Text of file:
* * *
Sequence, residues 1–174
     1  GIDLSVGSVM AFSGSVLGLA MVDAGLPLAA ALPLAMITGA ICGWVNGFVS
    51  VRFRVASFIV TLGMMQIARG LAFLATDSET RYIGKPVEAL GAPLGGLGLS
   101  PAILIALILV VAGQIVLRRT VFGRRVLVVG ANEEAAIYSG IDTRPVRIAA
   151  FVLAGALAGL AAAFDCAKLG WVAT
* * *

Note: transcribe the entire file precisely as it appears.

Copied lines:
Sequence, residues 1–174
     1  GIDLSVGSVM AFSGSVLGLA MVDAGLPLAA ALPLAMITGA ICGWVNGFVS
    51  VRFRVASFIV TLGMMQIARG LAFLATDSET RYIGKPVEAL GAPLGGLGLS
   101  PAILIALILV VAGQIVLRRT VFGRRVLVVG ANEEAAIYSG IDTRPVRIAA
   151  FVLAGALAGL AAAFDCAKLG WVAT